To define Hazie Coogan’s relationship with legendary actress Katherine Kenton is no easy task. She is more than a personal assistant, companion, housemaid, or even number-one fan. As Hazie explains, “Miss Kathie has become the paragon I’ve designed,” and later on she admits that “My job title: Pygmalion.” But perhaps Hazie’s most important role is that of self-designated guardian of Katherine Kenton from the likes of Webster Carlton Westward III.
And Hazie takes her job very seriously.
Tell-All is essentially about Hazie’s task of protecting “her Miss Kathie” from herself and from the handsome and adoring Webster who is many years Katherine’s junior. Hazie sees Webster, or as she refers to him—“the Webster specimen”—as a threat to her delicate charge.
Hazie has reason to worry. Katherine Kenton is the violet-eyed, multi-wedded actress who has relied on her now-fading beauty more than her brains (“Voilà . . . That’s Italian for prego.”). Age and obscurity are in Katherine’s future, but Hazie’s mission is to make sure that the woman she has helped create and nurture, the woman who has played such virtuous female leads such as found in Rebecca of Sunnybrook Farm and historical women from Mary Queen of Scots to even Harriet Tubman is not reduced to a sordid memory in some lurid tell-all “bile-ography” penned by murderous a love rat. Therein lies the kernel of this unique mystery novel.
One message the reader can take from Tell-All is that no one is safe when it comes to how history will be recorded. This explains a running gag throughout the novel about why all the famous names mentioned in this book wish to outlive Lillian Hellman rather than become a minor footnote in her revised history of the world. You can’t libel the dead, and memories, like people, can be fickle. What may have been considered hard fact can be obscured, rewritten and become a controversy or a cover-up depending on which camp you choose to inhabit.
From Albert Einstein to ZaSu Pitts and everyone in between, the reader will see cameos of celebrities, actors, and actresses. Many of these names still carry legendary status today while some will have to be looked up in an encyclopedia—make that Wikipedia—many of these celluloid stars have disintegrated from view along with their work, overshadowed by those who came later.
Chuck Palahniuk stirs up images of a bygone era of society and Hollywood in this novel. The amount of detail that goes into the way Hazie recounts her daily tasks such as the archaic and masochistic beauty regimen she performs to make sure Katherine ages gracefully is as evocative as the tools used to achieve it. Brand names like L’Air du Temps, Helena Rubenstein, and Lucky Strike that were once en vogue but today conjure up images people may associate with their parents, grandparents, or even great-grandparents are just as reminiscent.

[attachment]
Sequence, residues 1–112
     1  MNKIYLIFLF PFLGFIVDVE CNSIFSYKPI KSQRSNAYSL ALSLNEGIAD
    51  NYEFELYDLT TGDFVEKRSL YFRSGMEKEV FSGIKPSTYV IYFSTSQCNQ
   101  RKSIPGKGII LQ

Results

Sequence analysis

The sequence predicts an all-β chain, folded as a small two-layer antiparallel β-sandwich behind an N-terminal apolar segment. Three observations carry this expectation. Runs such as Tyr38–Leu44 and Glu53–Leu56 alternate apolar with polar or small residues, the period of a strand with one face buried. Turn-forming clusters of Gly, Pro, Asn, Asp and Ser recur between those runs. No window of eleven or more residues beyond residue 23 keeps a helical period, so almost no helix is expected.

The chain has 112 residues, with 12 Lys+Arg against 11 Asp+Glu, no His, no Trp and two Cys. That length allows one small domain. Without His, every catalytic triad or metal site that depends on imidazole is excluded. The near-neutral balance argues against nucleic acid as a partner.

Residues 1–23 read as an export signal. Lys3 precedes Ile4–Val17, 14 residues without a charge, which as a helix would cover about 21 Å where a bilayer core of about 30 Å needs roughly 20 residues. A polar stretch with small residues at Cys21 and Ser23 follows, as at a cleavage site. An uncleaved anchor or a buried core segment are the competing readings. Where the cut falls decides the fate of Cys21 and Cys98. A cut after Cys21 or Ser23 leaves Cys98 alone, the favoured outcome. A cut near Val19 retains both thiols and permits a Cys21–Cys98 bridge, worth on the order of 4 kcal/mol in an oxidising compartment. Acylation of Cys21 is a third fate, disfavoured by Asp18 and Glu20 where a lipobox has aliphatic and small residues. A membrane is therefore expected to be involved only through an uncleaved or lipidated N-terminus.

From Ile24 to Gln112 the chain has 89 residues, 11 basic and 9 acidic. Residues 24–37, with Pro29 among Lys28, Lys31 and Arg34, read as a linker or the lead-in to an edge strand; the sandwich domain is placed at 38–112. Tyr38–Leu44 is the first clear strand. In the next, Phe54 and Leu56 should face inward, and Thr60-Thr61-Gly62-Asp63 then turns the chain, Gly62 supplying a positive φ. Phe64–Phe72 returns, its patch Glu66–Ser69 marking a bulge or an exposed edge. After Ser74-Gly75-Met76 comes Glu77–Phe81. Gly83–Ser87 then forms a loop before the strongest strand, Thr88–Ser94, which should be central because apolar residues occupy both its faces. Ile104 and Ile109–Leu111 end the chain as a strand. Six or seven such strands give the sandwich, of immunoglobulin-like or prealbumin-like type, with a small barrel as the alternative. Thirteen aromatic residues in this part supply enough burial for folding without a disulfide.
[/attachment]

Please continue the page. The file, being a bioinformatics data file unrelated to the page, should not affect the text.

The author has created some zinging bon mots. Attributing them to various gossip columnists of the age like Walter Winchell, Hedda Hopper, and Louella Parsons, they are laugh-out-loud funny. Examples such as “was-band,” “graveside groom,” and “implying gilt” are perhaps some of the more apt terms used when describing Katherine Kenyon’s life.
There are touches of Sunset Boulevard and All About Eve in a plotline that is positively Machiavellian. The whims of celebrity from Hollywood’s golden age that can still be recognized today are also parodied such as auditioning potential children to adopt—as long as they match the new paint and trim of their would-be nursery. Dialogue is sometimes depicted as various animal noises to connote a zoo-like atmosphere that is the world of celebrity.
Tell-All is a relatively short book, but it takes ages for any real action to happen, and when it does, it becomes easier to turn the pages. Between all the stage direction and name dropping, the first half of the novel is like an episodic haze of flashbacks and invisible transitions between the “real world” of Hazie Coogan and what is happening on whatever television she is watching at the moment or whichever screenplay she is reading. In many ways, Hazie personifies her name in that she can obscure, but the solid reality is just beneath the surface.
Tell-All contains no chapters but is divided into three acts that are subdivided into scenes. This treatment (pun intended) is clever considering the theme and the players in the book, yet it can get tiresome, especially so if the reader can’t follow the jargon and doesn’t know their montage from their mise-en-scène.
Although humorous, it is a brooding, cynical humor that may be too dark for readers expecting this to be a cozy mystery. Tell-All will leave the reader in the mood for a good, classic movie, but they will never again look at any tell-all book the same way.